Our worship band got some degree of notoriety in the ELCA New England synod for our creativity in playing both Bowen's liturgy and the setting 5 out of WOV with a 5-piece band (2 guitars, bass, keyboard, drums) and we were invited to play at a synod event on renewing worship.  If I remember correctly, it was for that event that I picked up an SWR Workingman's 15 bass amp.

Some time after that I had the opportunity to play someones 5 string bass and fell in love with the wider fret board and string spacing - so I bought a USA made Peavy Cirrus 5 with neck-through construction.  That is the bass and amplifier I play to this day.

Somewhere along the line a friend gave me a cheap Japanese Telecaster copy that had all kinds of electrical and intonation problems but a decent body and straight neck.  I rebuilt that guitar from the ground up with parts from Stewart-Macdonald ... I think it plays and sounds pretty good now.
Mark Schimmel, Pastor
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Re: Frivolous thread: Guitars
« Reply #26 on: February 22, 2013, 09:54:33 AM »
I got fascinated with guitars at about age 15 and took lessons for a while and then struck out on my own. It still own the K. Suzuki 12 string that was my 2nd guitar - I no longer have the Hoefner classical that I learned on. I gave it away. Guitar must travel.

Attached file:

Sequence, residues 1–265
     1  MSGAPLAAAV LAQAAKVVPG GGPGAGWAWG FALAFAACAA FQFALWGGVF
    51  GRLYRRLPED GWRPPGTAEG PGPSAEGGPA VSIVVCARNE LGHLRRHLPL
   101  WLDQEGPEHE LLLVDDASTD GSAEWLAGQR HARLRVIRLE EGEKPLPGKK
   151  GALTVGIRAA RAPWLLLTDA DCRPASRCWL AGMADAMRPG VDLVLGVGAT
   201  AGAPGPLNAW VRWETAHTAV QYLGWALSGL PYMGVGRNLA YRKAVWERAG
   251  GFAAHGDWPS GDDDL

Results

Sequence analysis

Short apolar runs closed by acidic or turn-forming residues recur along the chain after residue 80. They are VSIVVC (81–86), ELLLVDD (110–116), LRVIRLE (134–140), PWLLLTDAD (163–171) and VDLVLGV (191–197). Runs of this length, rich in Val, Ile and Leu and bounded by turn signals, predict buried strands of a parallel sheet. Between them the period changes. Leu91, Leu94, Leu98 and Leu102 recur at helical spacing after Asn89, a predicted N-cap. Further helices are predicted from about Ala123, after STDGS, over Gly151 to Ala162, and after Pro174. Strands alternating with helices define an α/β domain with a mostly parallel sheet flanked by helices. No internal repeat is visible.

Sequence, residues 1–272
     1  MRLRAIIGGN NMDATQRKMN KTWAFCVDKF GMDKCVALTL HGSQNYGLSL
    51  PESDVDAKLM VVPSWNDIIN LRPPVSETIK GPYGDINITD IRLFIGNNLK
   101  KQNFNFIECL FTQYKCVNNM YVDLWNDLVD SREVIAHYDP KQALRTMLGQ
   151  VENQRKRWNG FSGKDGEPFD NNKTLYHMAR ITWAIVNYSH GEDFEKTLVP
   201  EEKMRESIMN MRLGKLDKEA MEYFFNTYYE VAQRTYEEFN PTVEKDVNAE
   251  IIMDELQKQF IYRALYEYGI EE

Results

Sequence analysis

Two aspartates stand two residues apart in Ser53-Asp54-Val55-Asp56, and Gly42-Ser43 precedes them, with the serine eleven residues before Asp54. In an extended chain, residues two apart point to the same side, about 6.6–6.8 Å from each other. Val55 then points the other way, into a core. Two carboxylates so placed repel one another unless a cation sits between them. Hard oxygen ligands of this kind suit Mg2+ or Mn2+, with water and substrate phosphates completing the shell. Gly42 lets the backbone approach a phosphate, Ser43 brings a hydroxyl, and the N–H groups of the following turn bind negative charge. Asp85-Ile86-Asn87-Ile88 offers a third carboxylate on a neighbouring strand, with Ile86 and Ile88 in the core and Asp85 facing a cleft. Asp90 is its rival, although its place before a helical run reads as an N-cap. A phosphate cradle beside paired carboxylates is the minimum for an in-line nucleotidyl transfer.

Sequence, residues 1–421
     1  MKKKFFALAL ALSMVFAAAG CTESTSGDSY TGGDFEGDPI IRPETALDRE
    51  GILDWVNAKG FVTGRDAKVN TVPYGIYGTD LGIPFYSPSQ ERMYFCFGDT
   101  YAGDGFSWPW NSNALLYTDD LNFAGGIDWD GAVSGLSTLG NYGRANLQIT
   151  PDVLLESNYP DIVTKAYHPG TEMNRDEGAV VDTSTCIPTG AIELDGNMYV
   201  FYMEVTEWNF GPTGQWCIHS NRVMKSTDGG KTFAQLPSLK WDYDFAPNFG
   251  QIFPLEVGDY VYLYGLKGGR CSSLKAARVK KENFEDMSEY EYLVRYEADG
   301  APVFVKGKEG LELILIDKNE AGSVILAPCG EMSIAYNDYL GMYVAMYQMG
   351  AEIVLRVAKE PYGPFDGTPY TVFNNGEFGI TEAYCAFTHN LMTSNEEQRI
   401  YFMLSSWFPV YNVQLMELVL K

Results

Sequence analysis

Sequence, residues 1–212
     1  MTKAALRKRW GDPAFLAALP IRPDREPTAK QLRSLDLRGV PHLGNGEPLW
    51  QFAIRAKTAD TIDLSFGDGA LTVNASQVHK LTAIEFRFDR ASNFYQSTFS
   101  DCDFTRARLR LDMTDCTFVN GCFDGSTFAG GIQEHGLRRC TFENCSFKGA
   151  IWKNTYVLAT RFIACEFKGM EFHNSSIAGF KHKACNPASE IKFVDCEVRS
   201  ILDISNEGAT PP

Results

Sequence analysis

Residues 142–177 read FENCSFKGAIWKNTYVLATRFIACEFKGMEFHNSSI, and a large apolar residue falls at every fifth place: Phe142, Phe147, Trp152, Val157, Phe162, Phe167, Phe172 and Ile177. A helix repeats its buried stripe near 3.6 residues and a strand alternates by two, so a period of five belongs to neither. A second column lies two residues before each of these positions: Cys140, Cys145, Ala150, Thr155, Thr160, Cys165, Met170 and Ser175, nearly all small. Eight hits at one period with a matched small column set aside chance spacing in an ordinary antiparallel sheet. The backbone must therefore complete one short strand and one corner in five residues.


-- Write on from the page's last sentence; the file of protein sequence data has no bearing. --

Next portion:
I ended up playing the bar circuit all through college and my 20s. When I headed for seminary I unloaded most of my instruments - most of them electrics.  I still have my '72 Les Paul Deluxe (cherry sunburst) and my Daion bass. Both are tragically neglected. I just have no place or reason to play them.
Since then I have acquired a Guild "J" body 6 string. I played it in church for 20 years plus. It once even got stolen out of the office. THe local police chief made a mayor case out of that and it came back by Monday afternoon. Recently I felt that it was getting much too beaten up being played now every week. I found, with the help of my favorite enabler - the Lutheran proprietor of Guitar Attention Center, Springfield OH, a Washburn Dreadnought. It had hung in his shop for a while because it had been outfitted oddly: Black tuners; binding and pickguard are in a bright tortoise shell and the guitar is maple body and spruce top. It sounds awesome though and the neck and fingerboard feel almost exactly like my Guild. I used to use a Duncan Woody to run them into sound but shifted to a Fishman rare earth blend pickup. Pickup and mic combo - it is a great idea, sound wise.